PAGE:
In Grove Gilbert’s 1890 report on the geology of Lake Bonneville, he concluded with respect to the valleys and canyons surrounding the lake, including Salt Lake Valley and City Creek, that “In the virgin condition most lowland valleys and all upland valleys were covered by grass and other herbaceous vegetation” (Gilbert, Cottam 1947 at 12). This pre-Euro-American state of grasslands was confirmed by subsequent range experiments. In 1932, Pickford of the Intermountain Forest and Range Experiment Station located 26 one to two acre plots on northern valley floors that were grazed or burned and compared them to 7 plots that were ungrazed, unburned plots that were taken as representative of virgin grassland (Pickford). He found that 26 percent of the area of virgin plots were covered in perennial grasses with little or no sagebrush or greasewood. Perennial grasses covered 1 percent of burned and grazed plots. In his Fig. 1, he displays a photograph of one of the virgin areas and this is the best representative image of what the Salt Lake Valley bottom looked like on the arrival of the Euro-American colonists. In 1945, University of Utah biologist Cottam located and compared parcels of land Red Butte that had been protected from grazing and compared them to Emigration Canyon that have been extensively overgrazed (Cottam, 1945). He found the density of grasses and shrubs in Red Butte to be twice that of Emigration.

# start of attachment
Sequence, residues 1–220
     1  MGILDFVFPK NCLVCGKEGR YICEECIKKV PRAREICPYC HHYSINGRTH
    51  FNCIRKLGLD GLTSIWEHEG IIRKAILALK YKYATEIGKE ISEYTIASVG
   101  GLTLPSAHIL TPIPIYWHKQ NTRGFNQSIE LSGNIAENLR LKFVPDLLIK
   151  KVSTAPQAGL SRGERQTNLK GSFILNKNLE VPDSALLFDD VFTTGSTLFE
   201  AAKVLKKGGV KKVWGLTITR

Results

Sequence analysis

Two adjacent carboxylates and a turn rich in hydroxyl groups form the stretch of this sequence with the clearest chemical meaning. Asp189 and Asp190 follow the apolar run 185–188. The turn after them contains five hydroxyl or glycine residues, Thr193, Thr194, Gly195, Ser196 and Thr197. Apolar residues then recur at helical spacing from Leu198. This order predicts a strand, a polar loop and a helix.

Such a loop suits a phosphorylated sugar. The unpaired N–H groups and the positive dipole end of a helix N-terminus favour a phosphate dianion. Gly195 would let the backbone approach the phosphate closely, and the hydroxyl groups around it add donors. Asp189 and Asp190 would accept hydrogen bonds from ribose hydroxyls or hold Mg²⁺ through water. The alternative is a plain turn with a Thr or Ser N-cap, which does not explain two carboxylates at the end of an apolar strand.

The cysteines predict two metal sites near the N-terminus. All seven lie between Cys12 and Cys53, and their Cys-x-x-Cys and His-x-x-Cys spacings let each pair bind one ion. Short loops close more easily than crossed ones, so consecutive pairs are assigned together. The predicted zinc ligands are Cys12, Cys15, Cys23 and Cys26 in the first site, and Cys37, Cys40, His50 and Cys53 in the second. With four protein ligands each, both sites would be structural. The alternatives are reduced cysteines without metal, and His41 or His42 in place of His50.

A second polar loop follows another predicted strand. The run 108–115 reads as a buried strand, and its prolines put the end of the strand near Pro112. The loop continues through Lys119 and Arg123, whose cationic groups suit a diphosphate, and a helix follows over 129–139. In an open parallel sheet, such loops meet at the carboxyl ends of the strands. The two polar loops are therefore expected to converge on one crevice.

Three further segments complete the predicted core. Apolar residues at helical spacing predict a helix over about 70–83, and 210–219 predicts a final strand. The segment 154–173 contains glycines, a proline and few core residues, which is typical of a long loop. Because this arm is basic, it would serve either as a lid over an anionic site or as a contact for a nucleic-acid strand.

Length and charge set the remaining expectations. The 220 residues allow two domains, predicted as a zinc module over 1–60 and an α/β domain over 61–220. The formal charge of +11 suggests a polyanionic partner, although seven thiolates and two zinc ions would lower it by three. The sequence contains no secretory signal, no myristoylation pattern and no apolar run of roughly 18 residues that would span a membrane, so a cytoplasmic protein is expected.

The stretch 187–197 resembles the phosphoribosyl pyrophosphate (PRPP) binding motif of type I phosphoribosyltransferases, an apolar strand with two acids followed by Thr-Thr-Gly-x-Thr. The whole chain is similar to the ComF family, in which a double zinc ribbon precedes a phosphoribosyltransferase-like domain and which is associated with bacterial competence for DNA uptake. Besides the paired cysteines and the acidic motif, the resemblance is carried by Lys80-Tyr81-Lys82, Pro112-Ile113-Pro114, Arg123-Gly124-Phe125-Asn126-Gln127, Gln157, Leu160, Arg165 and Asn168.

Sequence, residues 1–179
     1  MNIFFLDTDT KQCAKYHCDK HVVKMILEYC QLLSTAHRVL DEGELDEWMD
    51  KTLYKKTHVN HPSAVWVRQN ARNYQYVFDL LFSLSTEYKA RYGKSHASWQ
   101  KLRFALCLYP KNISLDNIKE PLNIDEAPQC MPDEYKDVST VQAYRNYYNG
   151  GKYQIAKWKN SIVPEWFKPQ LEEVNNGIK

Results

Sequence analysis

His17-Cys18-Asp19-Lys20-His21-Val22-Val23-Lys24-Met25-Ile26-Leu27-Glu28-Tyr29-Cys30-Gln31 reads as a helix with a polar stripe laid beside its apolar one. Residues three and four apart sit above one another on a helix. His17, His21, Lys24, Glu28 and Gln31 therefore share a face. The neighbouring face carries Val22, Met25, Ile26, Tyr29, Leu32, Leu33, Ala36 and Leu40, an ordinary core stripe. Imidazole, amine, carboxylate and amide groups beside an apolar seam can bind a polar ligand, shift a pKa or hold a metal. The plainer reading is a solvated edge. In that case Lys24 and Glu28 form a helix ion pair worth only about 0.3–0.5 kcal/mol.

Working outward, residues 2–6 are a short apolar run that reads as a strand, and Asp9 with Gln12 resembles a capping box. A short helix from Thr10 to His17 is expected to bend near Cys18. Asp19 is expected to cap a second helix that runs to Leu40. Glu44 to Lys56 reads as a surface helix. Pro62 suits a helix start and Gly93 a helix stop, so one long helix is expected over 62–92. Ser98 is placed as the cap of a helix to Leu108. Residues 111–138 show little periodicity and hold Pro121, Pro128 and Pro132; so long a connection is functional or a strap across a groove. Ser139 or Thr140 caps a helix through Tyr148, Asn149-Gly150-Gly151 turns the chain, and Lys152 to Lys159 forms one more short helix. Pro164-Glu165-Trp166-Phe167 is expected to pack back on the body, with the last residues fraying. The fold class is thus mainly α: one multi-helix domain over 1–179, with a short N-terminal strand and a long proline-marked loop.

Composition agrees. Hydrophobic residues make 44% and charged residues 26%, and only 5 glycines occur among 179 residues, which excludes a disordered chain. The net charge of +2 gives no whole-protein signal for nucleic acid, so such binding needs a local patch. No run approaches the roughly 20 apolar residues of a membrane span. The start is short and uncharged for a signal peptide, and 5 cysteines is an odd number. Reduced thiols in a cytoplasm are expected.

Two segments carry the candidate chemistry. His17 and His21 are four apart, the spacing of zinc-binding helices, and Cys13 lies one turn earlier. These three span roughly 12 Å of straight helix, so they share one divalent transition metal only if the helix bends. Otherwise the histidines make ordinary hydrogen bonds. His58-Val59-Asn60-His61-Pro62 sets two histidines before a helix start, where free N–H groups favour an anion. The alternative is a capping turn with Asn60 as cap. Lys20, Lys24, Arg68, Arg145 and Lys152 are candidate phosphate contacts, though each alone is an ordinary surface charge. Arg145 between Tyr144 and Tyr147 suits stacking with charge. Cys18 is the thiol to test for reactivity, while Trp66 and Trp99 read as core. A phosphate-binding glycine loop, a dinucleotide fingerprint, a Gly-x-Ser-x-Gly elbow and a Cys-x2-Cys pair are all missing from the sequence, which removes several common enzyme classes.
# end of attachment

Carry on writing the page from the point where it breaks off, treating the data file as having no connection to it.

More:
Some hint of how densely the mouths of canyons were covered in thickets of trees can be seen in an early 1900s photograph of the Shipley photograph collection at the University of Utah Marriott Library digital archives. One photograph shows the early road constructed by Young and improved in the late 1890s by City prison labor. The narrow track bisects an impenetrable wall of green (J. Willard Marriott, Id. 459448). City Creek remained a refuge for trees and plants. A 1903 Salt Lake Mining Review article about the Burro Mine on Black Mountain notes that Black Mountain was much more heavily timbered than we see today. In 1918, City Water Commission C. Clarence Nelsen, in recalling his boyhood days in the City Creek, noted that “City Creek canyon and other watersheds of the city were well timbered” (Salt Lake Tribune, January 9th, 1918). Nelsen’s report of his boyhood described the state of the canyon in the 1870s, after it had been logged for almost twenty years.

In Thoreau’s “Journal” on March 4th, 1852, he seeks shelter on the leeward side of a wood pile in order to enjoy the warm rays of the sun. He see lambkill shoots sticking above the snow. On March 4th, 1854, he sees shoots of pitcher plant and golden senecio. The ground is losing its snow cover. On March 4th, 1859, he admires a crow’s call.